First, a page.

Gatekeepers

A friend who publishes books at a major trade publisher once told me that she had no idea why books sell, but that the hardest thing about the process was to get them into bookshops. And I guess it’s true that if someone sees a book on the shelves of their local bookstore, they’re much more likely to buy it. After all, not everybody reads reviews. (Although I suspect word of mouth is probably a good thing – and maybe word of blog too!) Which is a round about way of leading into a story doing the rounds of the Australian press about the new unauthorised Tom Cruise biography (written by Andrew Morton and published by MacMillan). This piece in the Age is typical:

Several large book retail chains were contacted byThe Sunday Age this week and asked if they would be stocking the book.Dymock’s, when first contacted, said they saw “no reason” why they would not be selling the book.But a spokeswoman later issued a statement to the contrary. “We take all accusations of defamation very seriously and as a result we won’t be stocking the book,” she said.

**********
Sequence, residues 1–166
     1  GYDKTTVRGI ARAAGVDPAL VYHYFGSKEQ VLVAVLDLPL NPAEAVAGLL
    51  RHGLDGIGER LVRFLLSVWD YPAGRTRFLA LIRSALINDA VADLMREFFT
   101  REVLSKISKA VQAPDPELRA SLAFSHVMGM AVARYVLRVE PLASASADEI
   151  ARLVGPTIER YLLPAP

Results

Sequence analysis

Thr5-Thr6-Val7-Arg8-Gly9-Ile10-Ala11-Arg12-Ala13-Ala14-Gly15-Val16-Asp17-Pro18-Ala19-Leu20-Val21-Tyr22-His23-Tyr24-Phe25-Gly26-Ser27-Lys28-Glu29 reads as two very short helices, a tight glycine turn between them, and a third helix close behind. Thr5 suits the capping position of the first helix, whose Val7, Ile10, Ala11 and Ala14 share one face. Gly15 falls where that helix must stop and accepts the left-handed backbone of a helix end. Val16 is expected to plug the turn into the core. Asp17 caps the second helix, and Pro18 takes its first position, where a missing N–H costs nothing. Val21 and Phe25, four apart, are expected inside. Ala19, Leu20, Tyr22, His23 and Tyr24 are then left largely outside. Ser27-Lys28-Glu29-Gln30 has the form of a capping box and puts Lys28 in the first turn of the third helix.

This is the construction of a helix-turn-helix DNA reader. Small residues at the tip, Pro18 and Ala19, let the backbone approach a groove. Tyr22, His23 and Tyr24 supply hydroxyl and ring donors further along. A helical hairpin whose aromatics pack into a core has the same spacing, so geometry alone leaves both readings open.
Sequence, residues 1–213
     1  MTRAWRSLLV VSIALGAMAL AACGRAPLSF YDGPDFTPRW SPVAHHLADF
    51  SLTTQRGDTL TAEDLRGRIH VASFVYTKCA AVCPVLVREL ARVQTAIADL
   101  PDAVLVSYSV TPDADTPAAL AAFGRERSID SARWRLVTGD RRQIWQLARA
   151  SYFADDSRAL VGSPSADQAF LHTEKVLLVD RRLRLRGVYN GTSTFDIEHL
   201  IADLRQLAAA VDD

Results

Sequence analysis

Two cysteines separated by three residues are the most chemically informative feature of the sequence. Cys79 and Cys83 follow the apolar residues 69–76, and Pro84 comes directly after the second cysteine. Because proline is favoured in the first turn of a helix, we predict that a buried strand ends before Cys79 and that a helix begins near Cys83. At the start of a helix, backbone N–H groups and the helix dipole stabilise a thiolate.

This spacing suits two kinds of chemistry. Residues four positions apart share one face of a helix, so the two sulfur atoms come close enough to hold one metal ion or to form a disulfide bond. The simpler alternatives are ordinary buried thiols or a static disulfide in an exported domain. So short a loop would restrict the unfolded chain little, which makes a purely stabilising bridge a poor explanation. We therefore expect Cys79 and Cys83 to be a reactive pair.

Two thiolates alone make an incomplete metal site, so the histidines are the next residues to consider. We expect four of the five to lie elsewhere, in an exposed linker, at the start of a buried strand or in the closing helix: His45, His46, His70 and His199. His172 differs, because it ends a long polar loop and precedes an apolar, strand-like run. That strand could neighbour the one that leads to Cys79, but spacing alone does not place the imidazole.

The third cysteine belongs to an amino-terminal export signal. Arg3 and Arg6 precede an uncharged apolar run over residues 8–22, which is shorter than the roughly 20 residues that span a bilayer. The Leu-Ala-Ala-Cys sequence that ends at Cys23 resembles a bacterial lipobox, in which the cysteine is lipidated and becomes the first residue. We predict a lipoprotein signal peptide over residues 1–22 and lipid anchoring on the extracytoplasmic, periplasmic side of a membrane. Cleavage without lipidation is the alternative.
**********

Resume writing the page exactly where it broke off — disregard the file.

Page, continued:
Of course, the threat of defamation is  only one reason that a book seller may not stock a book. Ultimately, booksellers need not have any reason at all; as the front end of the book publishing industry, booksellers have the ability to nurture or deny; encourage or dismiss. In a century where the control of information sources is becoming more and more democratised,  the booksellers play a gatekeeping role that newer forms of distribution might change…

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